This thread was split off from here at the request of the original creator. The new thread discusses the relationship between child and parent tags, particularly with regards to access tagging schemes. _____________________________________________________________________
You didn’t include another option: Stop claiming that a bollard “implies” anything. What does that mean anyway?
I think we first need to sort out, and document, what access restrictions on a barrier are supposed to mean. Does “yes” mean “allowed”, does it mean “physically possible” or does it mean “allowed and physically possible”?
Is the answer different for different barrier types (e.g. bollards and gates)?
What’s currently documented on the wiki is that these tags are to be used for legal access restrictions only, and physical access is to be mapped with maxwidth:physical.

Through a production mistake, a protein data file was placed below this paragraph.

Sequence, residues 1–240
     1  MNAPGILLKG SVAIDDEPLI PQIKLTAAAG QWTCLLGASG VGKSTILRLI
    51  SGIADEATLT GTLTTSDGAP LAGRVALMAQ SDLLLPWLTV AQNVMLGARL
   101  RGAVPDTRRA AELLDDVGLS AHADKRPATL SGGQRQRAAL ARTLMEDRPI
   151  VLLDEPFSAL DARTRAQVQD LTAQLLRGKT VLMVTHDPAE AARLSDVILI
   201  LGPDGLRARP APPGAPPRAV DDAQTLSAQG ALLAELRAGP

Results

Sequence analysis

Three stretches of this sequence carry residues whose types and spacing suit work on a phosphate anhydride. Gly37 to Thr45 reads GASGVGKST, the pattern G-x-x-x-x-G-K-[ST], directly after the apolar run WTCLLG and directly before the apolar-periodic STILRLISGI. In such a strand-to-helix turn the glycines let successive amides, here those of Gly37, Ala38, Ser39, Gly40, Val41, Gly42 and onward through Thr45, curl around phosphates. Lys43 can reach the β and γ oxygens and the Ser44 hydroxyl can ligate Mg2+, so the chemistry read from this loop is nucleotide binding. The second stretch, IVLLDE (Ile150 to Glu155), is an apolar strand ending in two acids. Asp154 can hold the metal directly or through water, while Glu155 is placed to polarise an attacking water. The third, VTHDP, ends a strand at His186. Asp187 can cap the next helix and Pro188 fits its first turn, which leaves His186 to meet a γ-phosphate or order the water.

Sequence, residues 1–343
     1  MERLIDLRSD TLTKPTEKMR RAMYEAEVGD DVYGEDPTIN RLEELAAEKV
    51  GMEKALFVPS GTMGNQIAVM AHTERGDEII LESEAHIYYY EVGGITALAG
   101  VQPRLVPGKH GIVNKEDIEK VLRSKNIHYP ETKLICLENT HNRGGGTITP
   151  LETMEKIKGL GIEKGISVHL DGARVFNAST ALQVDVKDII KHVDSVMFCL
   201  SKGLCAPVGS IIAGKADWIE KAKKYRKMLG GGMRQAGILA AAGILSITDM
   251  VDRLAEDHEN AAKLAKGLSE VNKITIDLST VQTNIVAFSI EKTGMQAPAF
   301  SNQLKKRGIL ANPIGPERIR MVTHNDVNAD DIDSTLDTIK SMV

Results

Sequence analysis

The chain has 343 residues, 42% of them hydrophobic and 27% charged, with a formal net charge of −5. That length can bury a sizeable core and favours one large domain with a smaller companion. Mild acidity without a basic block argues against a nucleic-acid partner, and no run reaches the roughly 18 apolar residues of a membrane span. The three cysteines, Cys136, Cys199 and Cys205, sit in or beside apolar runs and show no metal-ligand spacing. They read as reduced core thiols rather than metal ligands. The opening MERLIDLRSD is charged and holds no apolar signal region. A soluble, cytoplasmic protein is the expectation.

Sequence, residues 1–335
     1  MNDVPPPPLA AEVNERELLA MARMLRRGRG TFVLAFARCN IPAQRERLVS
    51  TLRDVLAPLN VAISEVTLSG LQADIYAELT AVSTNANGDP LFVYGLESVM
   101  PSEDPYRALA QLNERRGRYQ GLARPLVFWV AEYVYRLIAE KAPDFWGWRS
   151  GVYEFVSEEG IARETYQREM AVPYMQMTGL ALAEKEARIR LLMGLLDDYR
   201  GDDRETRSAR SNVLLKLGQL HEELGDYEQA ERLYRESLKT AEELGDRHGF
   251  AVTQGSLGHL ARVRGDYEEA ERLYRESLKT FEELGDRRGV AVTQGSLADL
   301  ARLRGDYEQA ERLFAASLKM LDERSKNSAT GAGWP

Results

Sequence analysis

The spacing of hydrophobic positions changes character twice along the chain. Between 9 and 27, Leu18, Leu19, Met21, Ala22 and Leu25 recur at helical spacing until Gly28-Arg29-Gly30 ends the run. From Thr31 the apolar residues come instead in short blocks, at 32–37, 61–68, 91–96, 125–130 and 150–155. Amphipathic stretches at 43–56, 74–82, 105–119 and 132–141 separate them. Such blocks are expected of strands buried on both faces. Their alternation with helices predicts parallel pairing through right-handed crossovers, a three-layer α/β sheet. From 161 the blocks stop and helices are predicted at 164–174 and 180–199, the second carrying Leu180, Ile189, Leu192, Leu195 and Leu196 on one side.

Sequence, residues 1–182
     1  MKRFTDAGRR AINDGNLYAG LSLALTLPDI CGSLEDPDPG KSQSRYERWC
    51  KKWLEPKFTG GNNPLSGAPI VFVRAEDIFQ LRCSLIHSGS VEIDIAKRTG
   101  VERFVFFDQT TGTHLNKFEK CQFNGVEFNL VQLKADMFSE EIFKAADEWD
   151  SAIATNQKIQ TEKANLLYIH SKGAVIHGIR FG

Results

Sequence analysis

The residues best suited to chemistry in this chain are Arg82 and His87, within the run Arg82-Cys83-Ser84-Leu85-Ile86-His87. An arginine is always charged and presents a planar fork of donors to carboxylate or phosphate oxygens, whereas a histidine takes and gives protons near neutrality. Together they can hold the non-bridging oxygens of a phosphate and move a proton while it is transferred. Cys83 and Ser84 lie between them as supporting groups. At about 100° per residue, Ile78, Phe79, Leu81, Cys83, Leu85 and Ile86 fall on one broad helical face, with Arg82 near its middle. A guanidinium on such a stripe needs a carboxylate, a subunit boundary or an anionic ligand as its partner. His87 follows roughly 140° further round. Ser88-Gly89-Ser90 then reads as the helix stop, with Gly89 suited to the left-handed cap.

Therefore I think it would be really confusing, especially for new mappers, to document that a bollard “implies moped=yes”.
junction=roundabout implies oneway=yes, that means if I see a roundabout, I know I am only allowed to drive around it in one direction, even if it’s not explicitly tagged. So far, so good.
barrier=bollard implies moped=yes, that means if I see a bollard that means I am legally allowed to ride past it on my moped, even if it’s not explicitly tagged… ? Do you see what I am getting at?
In my point of view, legal access tags do not belong on physical barriers. Instead, the available width should be tagged using maxwidth:physical. This is closer to neutral data collection according to the OTG principle. Everything else is a lot of interpretation for me, which is not objective, as we do not have specific width limits for the individual users.
Reading through the previous threads I understand where you are coming from.